Race: Can I speak up if I’m white?
Yes. Not only can you speak up about race and racial inequality but as Macklemore and Ryan Lewis illustrate in their song featuring Jamila Woods, “your silence is a luxury.” A luxury and a privilege — more specifically, white privilege. If you haven’t yet, listen to their recent single “White Privilege II,” which was released earlier this year. A song that in 8:42 illuminates “a lot of opinions, a lot of confusion, a lot of resentment” and poses the question: “what are you willing to risk to create a more just society?”
There is a disconnect — a critical missing piece in the conversation about race — white people. Why more about white people? Some may argue that white people’s opinions are everywhere and the world doesn’t need to hear more from them but, as the Whiteness Project highlights in their two series of video interviews Intersection of I and Inside the White/Caucasian Box, white people aren’t used to talking about race, and particularly their own. As many interviews demonstrate, some white people rarely consider their own racial experiences and the role that whiteness plays and has played in the systems we all live within while others, that recognize their privilege, are left questioning what role they can and should have in creating equality.
“Should I even be here?” “Is it my place to give my two cents?” “Or should I stand on the side and shut my mouth?” — Macklemore sings.
It is an internal dialogue had by many. But as the artists call out: “It seems like we’re more concerned with being called racist than we actually are with racism.” That we are “aware of privilege and do nothing at all.”
Understanding this “White Fragility,” as Dr. Robin DiAngelo calls it — a shying away from race-based stress — which often results in silence or withdrawal, is critical.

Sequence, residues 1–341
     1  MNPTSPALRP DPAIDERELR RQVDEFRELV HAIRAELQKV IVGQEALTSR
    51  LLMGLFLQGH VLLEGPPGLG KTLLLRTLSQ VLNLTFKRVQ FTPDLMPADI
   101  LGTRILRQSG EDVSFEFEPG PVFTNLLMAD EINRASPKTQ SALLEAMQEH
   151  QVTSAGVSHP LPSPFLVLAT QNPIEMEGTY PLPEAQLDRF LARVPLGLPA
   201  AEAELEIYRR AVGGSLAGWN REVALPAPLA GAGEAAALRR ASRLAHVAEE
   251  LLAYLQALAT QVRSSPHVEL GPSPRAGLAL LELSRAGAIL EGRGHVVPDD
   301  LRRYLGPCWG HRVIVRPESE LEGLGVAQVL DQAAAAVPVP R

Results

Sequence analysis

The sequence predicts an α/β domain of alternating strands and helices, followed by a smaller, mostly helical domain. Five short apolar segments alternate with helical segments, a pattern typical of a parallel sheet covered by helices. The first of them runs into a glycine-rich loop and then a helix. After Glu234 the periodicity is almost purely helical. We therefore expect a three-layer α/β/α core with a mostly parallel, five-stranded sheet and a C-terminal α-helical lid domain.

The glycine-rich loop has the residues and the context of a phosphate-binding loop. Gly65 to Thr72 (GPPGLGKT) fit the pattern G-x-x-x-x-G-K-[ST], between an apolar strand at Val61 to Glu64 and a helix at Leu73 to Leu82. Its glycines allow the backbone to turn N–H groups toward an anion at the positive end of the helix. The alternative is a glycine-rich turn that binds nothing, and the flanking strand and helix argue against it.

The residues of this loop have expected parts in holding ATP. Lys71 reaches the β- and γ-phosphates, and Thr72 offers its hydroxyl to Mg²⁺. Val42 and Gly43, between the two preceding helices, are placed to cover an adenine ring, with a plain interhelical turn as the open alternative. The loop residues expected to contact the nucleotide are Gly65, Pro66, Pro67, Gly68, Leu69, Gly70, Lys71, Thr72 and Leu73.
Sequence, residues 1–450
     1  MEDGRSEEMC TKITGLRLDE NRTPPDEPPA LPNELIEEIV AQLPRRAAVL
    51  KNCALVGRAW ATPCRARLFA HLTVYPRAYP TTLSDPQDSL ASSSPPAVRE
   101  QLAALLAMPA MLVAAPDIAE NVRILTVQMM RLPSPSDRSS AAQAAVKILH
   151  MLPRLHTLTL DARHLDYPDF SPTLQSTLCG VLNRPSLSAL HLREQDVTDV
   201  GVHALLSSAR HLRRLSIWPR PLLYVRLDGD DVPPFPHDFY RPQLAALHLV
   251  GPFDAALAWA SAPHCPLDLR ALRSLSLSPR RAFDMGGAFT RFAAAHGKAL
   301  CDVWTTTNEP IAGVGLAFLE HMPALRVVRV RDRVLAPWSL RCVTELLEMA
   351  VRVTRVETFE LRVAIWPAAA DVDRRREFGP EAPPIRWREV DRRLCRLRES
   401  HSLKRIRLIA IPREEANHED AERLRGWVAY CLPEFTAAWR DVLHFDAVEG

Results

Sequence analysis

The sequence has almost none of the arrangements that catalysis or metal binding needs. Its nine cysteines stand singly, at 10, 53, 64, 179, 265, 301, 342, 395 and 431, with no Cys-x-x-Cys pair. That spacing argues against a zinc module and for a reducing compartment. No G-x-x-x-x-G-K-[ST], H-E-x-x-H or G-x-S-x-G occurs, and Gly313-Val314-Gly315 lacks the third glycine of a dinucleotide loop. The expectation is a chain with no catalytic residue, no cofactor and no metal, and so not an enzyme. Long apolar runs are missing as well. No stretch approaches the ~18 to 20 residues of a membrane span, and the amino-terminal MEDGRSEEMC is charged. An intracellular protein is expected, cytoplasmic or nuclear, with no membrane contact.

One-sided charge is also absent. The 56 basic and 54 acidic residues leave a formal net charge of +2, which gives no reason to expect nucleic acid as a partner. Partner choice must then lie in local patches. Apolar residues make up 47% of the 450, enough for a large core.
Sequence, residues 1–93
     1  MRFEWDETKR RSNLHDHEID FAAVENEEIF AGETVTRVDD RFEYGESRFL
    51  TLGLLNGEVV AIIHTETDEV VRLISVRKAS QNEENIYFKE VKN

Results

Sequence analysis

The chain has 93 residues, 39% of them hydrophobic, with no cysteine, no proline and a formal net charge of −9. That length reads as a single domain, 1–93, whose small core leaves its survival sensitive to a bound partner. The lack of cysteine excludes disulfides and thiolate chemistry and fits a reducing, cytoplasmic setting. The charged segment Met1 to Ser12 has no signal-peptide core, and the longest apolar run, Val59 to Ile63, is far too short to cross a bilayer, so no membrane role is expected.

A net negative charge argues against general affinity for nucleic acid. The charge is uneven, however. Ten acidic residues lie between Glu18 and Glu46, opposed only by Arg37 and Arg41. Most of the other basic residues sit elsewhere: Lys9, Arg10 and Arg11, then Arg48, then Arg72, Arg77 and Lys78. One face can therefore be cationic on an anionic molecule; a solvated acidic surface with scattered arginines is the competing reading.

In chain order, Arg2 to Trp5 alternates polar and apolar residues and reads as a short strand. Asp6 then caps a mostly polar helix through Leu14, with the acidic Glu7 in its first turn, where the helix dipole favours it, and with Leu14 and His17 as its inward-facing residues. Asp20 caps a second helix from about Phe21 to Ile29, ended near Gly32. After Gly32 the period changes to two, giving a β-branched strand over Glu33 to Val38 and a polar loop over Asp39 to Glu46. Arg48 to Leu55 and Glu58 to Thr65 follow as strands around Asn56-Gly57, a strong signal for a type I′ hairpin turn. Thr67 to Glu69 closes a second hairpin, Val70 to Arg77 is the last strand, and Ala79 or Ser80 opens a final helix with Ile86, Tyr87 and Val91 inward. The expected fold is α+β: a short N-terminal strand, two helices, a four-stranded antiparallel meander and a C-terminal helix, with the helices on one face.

So what is being done? And what can we do?
We can deconstruct white privilege and white supremacy, the system which protects that privilege and perpetuates a society of inequality.
Artists like Macklemore, Ryan Lewis, and Jamila Woods and Whiteness Project creator, Whitney Dow, are using their mediums — music and film — as tools to engage audiences and cultivate a conversation. A conversation that engages white people as well as people of color in order to raise awareness, build up the stamina against white fragility, and bring about a climate of change.
Now is not the time to be a passive viewer, to be offended by every little thing, to play it safe for fear of making a mistake, or to be silent.
Check out this round table discussion with Macklemore, Ryan Lewis, Jamila Woods, Hollis Wong-Wear, and Dustin Washington with Colorlines’ Jay Smooth and interview with Whiteness Project creator Whitney Dow and AOL Build’s Ricky Camilleri to learn more about their initiatives, rationales behind them, and how to join the conversation.
“I don’t personally feel responsible for racism but I feel like, as a white person, it is almost a duty of mine to try and end it.” — Whiteness Project Participant Casey, age 18.
Take the conversation threads ignited by these artists and continue them in your own communities, with your family and friends, online and offline.
Naomi Ranz-Schleifer, MPH, is a film producer, writer, artist, and public health professional. She is a consultant on a variety of film projects, including the Whiteness Project, a program planner for a global public health film festival, and works with a number of non-profit organizations that focus on community engagement, education, behavior change, and the arts.